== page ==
The Essex Disaster

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With the flesh of their comrades all eaten, said Pollard, “we looked at each other with horrid thoughts in our minds, but we held our tongues.… I am sure we loved one another as brothers all the time; yet our looks told plainly what must be done. ” By lot, a victim would be chosen and shot for his flesh. By lot, his executioner, too, would be chosen. Ramsdell drew the executioner’s straw. When the little cabin boy drew the victim’s, “I started forward and cried out, ‘My lad, my lad, if you don’t like your lot, I’ll shoot the first man that touches you.’ The poor, emaciated boy hesitated for a moment or two, then, quietly laying his head down upon the gunwale of the boat, he said, ‘I like it as well as any other.’ He was soon dispatched and nothing of him left.” To his clerical listeners Pollard then cried out in a passion: “I can tell you no more. My head is on fire at the recollection. I hardly know what I say.”

 

That was February 1 on Captain Pollard’s whaleboat. On February 11 Ray succumbed to starvation, and his flesh, too, prolonged the lives of his two survivors, Pollard and Ramsdell. By now the two horror-haunted whaleboats of the Essex —the captain’s and the first mate’s—were sailing on a perfectly parallel course, with Chase’s boat some 300 miles farther north. On both boats the suffering and the horrors appeared to have been borne in vain. On February 18 three men were still alive on Owen Chase’s boat, but all their carefully hoarded food was gone, and Chile was still 300 miles away. That morning Chase was dozing at the rudder while seventeen-year-old Thomas Nicholson lay in the bottom of the boat covered with a canvas and praying for death. It would have come to him swiftly enough had not the third man aboard suddenly cried out: “There’s a sail!” Instantly awake, Chase struggled to his feet to gaze “in a state of abstraction and ecstasy upon the blessed vision of a vessel seven miles off.” It was the brig Indian out of London. A few more miles of tense sailing and the hideous ordeal was over for Chase and his comrades. They had been eighty-three days at sea and had voyaged an incredible 4,500 miles in an open boat. Moreover, in a superb feat of navigation, Chase had brought his men from Henderson’s Island to within a few miles of Juan Fernandez. Five days later, Captain Pollard and Charles Ramsdell, too, were rescued at sea, 100 miles from the Chilean coast.

In later years Chase became prey to a harmless compulsion. Every time he came home from a voyage, he would go up to his attic and stow away bits of food.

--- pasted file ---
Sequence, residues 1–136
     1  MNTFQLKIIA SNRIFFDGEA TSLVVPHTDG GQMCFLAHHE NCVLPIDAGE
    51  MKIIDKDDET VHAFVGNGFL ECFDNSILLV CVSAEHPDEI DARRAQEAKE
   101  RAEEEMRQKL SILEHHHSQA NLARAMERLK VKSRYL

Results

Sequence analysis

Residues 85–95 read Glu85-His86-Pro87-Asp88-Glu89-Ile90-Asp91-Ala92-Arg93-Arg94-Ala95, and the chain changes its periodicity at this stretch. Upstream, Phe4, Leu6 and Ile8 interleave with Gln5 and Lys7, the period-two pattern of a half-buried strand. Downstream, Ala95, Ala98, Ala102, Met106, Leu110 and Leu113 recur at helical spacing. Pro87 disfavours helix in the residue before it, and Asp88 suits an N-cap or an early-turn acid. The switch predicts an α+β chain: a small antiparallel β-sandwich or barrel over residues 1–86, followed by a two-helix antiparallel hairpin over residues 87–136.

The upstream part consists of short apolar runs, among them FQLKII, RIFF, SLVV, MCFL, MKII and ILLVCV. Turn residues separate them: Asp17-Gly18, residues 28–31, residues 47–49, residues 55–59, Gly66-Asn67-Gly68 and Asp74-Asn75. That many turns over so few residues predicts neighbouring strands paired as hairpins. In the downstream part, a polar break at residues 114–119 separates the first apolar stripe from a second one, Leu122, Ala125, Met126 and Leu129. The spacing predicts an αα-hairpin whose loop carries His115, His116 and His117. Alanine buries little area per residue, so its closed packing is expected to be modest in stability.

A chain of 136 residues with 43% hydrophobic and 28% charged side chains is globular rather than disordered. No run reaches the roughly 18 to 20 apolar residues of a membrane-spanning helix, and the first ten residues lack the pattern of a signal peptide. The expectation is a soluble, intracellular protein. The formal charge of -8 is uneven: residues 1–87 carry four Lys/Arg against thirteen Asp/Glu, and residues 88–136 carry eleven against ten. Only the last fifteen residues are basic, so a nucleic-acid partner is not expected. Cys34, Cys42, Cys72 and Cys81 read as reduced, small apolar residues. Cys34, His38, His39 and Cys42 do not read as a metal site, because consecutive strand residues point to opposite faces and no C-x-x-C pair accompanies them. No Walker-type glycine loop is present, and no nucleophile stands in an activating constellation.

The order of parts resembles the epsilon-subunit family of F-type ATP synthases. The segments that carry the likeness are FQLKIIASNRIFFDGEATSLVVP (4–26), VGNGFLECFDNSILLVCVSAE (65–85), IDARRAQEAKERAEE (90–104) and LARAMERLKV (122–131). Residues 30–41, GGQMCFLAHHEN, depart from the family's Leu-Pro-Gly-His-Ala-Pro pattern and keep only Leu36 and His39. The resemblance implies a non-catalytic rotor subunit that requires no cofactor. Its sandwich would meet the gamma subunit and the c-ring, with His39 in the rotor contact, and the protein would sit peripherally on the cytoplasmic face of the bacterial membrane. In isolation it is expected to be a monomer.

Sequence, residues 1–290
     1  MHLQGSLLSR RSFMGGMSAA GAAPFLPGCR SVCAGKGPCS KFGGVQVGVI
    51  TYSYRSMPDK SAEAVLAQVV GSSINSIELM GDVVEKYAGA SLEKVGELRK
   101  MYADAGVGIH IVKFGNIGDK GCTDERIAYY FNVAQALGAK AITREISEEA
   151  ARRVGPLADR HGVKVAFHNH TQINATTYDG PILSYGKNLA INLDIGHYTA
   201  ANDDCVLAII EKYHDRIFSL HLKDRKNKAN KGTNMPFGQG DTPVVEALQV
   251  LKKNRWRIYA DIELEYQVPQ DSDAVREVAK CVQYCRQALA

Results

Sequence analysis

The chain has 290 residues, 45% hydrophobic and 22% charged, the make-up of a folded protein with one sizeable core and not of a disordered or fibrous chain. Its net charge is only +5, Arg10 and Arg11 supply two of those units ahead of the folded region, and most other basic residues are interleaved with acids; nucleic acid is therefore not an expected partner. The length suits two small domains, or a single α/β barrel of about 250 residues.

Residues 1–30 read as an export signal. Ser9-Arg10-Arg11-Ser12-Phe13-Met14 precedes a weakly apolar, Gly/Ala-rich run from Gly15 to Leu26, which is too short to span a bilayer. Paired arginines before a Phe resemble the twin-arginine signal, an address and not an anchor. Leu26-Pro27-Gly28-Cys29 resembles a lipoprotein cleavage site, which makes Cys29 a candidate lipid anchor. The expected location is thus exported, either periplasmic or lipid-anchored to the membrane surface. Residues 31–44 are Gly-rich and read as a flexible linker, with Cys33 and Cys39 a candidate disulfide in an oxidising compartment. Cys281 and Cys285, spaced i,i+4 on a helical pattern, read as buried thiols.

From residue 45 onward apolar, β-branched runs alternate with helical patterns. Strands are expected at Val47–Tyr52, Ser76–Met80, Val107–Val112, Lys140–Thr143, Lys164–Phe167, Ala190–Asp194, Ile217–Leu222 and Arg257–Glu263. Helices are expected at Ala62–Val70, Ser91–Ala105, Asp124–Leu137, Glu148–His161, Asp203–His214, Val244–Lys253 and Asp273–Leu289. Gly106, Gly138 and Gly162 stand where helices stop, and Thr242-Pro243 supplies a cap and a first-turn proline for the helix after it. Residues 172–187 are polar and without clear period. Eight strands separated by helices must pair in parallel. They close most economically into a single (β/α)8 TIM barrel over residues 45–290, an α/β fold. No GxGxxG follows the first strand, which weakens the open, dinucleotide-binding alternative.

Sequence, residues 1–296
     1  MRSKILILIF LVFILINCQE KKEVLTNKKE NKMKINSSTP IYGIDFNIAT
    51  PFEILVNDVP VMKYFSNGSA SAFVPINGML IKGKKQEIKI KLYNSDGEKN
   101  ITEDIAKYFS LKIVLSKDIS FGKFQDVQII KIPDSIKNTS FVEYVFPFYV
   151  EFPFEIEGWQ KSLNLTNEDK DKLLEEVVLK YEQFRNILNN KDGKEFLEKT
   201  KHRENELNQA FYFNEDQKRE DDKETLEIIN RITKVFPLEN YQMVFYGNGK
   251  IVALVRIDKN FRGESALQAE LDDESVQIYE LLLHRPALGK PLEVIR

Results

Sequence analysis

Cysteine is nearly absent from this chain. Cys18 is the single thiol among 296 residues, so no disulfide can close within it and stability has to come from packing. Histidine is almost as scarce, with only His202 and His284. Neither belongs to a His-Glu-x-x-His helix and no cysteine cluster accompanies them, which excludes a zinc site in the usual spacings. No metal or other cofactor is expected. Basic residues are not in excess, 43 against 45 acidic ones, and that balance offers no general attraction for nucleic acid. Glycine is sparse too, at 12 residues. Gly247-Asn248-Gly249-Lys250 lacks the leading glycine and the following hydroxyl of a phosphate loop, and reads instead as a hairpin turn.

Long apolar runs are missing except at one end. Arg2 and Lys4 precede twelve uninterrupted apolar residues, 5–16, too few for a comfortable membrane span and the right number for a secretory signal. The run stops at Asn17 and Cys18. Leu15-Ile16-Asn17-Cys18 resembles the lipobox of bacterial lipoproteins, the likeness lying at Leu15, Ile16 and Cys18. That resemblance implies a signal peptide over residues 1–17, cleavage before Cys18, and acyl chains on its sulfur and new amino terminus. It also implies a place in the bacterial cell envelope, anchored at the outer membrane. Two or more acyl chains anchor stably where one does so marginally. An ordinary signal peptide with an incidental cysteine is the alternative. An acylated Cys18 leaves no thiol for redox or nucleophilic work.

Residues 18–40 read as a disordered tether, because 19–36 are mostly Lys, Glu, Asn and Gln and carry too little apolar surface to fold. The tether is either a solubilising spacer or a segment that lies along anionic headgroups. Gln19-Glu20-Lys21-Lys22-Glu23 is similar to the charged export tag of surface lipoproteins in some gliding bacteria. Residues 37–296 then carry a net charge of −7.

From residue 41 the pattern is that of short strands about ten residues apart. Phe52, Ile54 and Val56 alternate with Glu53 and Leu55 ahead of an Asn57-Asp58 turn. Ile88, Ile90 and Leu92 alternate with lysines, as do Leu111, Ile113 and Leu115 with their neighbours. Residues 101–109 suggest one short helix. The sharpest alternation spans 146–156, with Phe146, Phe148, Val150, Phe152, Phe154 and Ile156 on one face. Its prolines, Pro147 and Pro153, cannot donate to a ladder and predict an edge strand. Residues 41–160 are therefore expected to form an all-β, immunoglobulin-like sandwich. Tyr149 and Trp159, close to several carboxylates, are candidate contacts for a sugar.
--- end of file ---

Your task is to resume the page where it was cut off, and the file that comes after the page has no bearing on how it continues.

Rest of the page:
SUCH WAS THE “WONDROUS STORY” OF the whaleship Essex that had such a “surprising effect” on Herman Melville. Of the seventeen men who had pushed off from Henderson’s Island on December 27,1820, only five had survived, all of them from Nantucket. Because they did, the three castaways on Henderson’s Island were to survive as well. A British ship, informed in Chile of their plight, picked them up on April 2, after 102 wretched days of living on birds, berries, and rainwater. By the end of 1821 all five survivors were back home on Nantucket Island, health and strength completely restored. All of them returned swiftly to the sea and to whaling. In time, all four of Captain Pollard’s surviving crewmen were to command whaleships of their own, enjoy prosperity, and live long lives. Of their brutal ordeal they gave few outward signs, although Chase in later years became prey to a harmless compulsion. Every time he returned to Nantucket, he would go up to the attic of his house and stow away crackers and bits of food. Only Captain Pollard himself was dogged by misfortune. When he returned to Nantucket in 1825, after his second ship was wrecked on a Pacific reef, the spirit that had sustained him throughout the ordeal of the Essex seemed to have been snuffed out forever. Retiring from the sea, he became at age thirty-six a humble nightwatchman on the island—meek, mute, yet strangely at peace. After his anguished lapse before the two English missionaries, George Pollard never again spoke about his Essex ordeal. Nor did the people of Nantucket care to hear of it. In that tight-knit community, where ties of kinship bound so many whaling families together, the fate of the Essex and its men touched too many lives too intimately to bear repeating. The veil of silence was still intact some eighty years later when a young Nantucket girl asked the aged daughter of an Essex survivor some questions about what had happened so long ago and so far away. The old woman rose to her feet and said with quiet firmness, “Miss Molly, here we never mention the Essex .”